Managing single sign-on for enterprise apps
This article describes how to use the Azure portal to manage single sign-on settings for enterprise applications. Enterprise apps are apps that are deployed and used within your organization. This article applies particularly to apps that were added from the Azure Active Directory application gallery.
Finding your apps in the portal
All enterprise apps that are set up for single sign-on can be viewed and managed in the Azure portal. The applications can be found in the More Services > Enterprise Applications section of the portal.
Select All applications to view a list of all apps that have been configured. Selecting an app displays the resources for that app, where reports can be viewed for that app and a variety of settings can be managed.
To manage single sign-on settings, select Single sign-on.
Single sign-on modes
Single sign-on begins with a Mode menu, which allows the single sign-on mode to be configured. The available options include:
- SAML-based sign-on - This option is available if the application supports full federated single sign-on with Azure Active Directory using the SAML 2.0 protocol, WS-Federation, or OpenID connect protocols.
- Password-based sign-on - This option is available if Azure AD supports password form filling for this application.
- Linked sign-on - Formerly known as "Existing single sign-on", this option allows administrators to place a link to this application in their user's Azure AD Access Panel or Office 365 application launcher.
For more information about these modes, see How does single sign-on with Azure Active Directory work.
The SAML-based sign-on option is divided in four sections:
Domains and URLs
This is where all details about the application's domain and URLs are added to your Azure AD directory. All inputs required to make single sign-on work app are displayed directly on the screen, whereas all optional inputs can be viewed by selecting the Show advanced URL settings checkbox. The full list of supported inputs includes:
- sign-on URL – Where the user goes to sign in to the application. If the application is configured to perform service-provider-initiated single sign-on, when a user opens this URL, the service provider redirects to Azure AD to authenticate and sign the user in.
- If this field is populated, then Azure AD uses the URL to start the application from Office 365 and the Azure AD Access Panel.
- If this field is omitted, then Azure AD instead performs identity-provider-initiated sign-on when the app is launched from Office 365, the Azure AD Access Panel, or from the Azure AD single sign-on URL.
- Identifier - This URI should uniquely identify the application for which single sign-on is being configured. This is the value that Azure AD sends back to application as the Audience parameter of the SAML token, and the application is expected to validate it. This value also appears as the Entity ID in any SAML metadata provided by the application.
- Reply URL - The reply URL is where the application expects to receive the SAML token. This is also referred to as the Assertion Consumer Service (ACS) URL. After these have been entered, click Next to proceed to the next screen. This screen provides information about what needs to be configured on the application side to enable it to accept a SAML token from Azure AD.
- Relay State - The relay state is an optional parameter that can help tell the application where to redirect the user after authentication is completed. Typically the value is a valid URL at the application, however some applications use this field differently (see the app's single sign-on documentation for details). The ability to set the relay state is a new feature that is unique to the new Azure portal.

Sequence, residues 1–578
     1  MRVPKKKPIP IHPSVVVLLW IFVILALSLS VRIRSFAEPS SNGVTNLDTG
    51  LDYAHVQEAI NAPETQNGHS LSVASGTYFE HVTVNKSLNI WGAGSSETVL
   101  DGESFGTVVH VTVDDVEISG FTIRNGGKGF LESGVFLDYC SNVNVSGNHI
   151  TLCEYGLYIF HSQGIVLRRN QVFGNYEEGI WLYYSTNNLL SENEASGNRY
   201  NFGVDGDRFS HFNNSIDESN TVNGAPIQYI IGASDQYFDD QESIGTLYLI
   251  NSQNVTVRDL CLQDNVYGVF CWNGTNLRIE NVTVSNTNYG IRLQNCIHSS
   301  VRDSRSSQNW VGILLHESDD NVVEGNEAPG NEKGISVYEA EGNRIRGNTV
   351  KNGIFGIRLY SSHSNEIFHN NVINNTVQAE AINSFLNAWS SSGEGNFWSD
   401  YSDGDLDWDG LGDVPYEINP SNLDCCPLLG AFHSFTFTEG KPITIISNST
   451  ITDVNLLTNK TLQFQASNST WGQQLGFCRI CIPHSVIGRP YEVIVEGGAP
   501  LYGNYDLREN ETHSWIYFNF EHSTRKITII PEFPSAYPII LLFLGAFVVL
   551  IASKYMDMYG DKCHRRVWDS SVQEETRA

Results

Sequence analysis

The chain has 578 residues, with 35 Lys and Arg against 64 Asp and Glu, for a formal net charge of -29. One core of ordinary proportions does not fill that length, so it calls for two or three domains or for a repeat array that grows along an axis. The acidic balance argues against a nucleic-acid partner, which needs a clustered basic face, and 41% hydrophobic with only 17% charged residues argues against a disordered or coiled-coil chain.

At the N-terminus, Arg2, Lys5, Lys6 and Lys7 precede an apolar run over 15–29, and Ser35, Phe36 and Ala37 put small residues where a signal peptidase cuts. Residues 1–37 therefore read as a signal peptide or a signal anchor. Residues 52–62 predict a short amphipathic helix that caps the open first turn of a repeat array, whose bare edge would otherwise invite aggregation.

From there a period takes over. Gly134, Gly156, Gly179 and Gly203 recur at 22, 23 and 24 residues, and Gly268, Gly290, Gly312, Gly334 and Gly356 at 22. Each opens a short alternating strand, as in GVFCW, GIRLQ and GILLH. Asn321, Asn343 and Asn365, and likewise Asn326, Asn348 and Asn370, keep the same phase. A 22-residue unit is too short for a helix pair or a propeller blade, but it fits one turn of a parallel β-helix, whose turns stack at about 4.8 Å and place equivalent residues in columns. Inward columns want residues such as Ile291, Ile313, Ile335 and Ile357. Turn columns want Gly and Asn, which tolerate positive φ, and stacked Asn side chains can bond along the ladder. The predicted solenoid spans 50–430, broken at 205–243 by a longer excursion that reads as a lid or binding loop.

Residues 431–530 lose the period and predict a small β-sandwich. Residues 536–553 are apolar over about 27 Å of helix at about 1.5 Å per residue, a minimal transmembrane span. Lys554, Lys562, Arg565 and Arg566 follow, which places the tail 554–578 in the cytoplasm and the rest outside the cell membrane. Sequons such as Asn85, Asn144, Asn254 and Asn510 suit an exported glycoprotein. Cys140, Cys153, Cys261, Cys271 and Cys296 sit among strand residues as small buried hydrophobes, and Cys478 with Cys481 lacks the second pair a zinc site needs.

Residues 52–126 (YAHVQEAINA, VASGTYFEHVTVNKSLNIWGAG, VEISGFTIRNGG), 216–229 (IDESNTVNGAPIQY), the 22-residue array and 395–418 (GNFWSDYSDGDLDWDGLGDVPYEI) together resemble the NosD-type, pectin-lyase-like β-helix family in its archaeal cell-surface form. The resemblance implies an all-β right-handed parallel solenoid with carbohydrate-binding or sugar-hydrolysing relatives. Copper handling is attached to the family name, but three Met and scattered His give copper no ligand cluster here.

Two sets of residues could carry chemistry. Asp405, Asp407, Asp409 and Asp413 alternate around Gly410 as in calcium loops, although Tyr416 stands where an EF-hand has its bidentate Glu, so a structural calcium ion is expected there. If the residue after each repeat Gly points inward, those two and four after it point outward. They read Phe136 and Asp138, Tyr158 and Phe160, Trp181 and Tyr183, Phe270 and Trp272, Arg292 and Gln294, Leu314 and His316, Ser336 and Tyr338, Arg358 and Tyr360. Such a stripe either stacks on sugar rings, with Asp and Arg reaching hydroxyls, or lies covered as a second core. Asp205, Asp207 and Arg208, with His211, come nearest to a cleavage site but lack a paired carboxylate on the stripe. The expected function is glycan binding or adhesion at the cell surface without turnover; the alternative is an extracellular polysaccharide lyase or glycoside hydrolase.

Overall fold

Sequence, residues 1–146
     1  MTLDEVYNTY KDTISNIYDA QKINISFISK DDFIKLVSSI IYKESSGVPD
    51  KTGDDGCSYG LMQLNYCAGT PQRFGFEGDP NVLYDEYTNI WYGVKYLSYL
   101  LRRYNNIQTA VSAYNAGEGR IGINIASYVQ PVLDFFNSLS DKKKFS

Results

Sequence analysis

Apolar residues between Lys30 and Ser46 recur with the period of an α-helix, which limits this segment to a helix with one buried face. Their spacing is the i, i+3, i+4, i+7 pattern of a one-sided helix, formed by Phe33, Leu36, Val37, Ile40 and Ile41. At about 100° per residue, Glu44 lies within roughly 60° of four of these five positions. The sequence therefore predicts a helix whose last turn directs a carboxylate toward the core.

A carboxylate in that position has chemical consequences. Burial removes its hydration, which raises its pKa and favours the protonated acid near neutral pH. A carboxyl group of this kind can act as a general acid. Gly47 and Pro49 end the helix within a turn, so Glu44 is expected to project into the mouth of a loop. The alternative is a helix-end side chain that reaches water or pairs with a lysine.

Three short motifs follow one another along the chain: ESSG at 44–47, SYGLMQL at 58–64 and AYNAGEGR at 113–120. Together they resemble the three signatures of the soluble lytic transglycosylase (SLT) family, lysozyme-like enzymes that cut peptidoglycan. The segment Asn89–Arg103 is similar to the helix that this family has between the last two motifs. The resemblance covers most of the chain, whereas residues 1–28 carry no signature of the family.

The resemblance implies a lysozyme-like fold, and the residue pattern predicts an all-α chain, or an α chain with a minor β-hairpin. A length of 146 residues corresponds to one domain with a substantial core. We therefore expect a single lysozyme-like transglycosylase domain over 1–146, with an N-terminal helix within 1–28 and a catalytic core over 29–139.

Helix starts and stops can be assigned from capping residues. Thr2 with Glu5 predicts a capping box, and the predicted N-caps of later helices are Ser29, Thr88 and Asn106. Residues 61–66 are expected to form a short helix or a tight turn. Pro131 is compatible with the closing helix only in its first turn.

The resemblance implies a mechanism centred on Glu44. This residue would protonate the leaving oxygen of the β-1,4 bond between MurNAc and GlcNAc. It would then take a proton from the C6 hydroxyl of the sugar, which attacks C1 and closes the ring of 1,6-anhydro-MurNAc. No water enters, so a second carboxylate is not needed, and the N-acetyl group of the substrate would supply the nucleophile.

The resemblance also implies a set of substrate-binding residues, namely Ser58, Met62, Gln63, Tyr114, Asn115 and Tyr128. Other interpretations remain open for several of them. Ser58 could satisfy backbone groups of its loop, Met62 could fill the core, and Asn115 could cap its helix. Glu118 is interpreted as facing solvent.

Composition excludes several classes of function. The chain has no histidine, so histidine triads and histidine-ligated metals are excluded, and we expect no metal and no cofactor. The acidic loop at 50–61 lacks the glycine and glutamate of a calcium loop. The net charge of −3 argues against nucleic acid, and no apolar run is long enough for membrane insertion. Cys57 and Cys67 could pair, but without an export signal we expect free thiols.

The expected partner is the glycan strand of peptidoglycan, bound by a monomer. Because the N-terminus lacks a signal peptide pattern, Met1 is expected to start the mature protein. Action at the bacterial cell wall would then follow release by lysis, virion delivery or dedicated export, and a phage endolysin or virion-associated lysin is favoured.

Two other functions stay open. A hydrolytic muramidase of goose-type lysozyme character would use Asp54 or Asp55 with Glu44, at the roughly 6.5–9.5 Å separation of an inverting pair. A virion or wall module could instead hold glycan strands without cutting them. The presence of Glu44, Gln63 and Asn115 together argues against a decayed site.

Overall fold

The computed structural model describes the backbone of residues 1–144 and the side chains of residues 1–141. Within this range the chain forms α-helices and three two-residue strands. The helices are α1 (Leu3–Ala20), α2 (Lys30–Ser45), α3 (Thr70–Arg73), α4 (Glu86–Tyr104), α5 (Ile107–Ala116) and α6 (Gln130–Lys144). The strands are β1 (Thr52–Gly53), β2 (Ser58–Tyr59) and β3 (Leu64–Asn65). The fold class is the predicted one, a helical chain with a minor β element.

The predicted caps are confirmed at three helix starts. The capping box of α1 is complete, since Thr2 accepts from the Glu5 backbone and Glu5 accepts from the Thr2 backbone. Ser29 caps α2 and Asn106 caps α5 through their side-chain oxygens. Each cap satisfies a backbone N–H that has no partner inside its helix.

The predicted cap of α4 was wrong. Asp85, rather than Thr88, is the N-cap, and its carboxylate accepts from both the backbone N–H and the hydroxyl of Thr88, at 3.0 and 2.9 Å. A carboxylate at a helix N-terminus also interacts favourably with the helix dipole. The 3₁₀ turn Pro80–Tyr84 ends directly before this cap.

This is where admins can view and edit the attributes that are sent in the SAML token that Azure AD issues to the application each time users sign in.
The only editable attribute supported is the User Identifier attribute. The value of this attribute is the field in Azure AD that uniquely identifies each user within the application. For example, if the app was deployed using the "Email address" as the username and unique identifier, then the value would be set to the "user.mail" field in Azure AD.
SAML Signing Certificate
This section shows the details of the certificate that Azure AD uses to sign the SAML tokens that are issued to the application each time the user authenticates. It allows the properties of the current certificate to be inspected, including the expiration date.
The final section provides the documentation and/or controls required to configure the application itself to use Azure Active Directory as an identity provider.
The Configure Application fly-out menu provides new concise, embedded instructions for configuring the application. This is another new feature unique to the new Azure portal.
For a complete example of embedded documentation, see the Salesforce.com application. Documentation for additional apps is being continually added.
If supported for the application, selecting the password-based SSO mode and selecting Save instantly configures it to do password-based SSO. For more information about deploying password-based SSO, see How does single sign-on with Azure Active Directory work.
If supported for the application, selecting the linked SSO mode allows you to enter the URL that you want the Azure AD Access Panel or Office 365 to redirect to when users click on this app. For more information about linked SSO (formerly known as "existing SSO"), see How does single sign-on with Azure Active Directory work.
We hope you like using the improved Azure AD experience. Please keep the feedback coming! Post your feedback and ideas for improvement in the Admin Portal section of our feedback forum. We’re excited about building cool new stuff every day, and use your guidance to shape and define what we build next.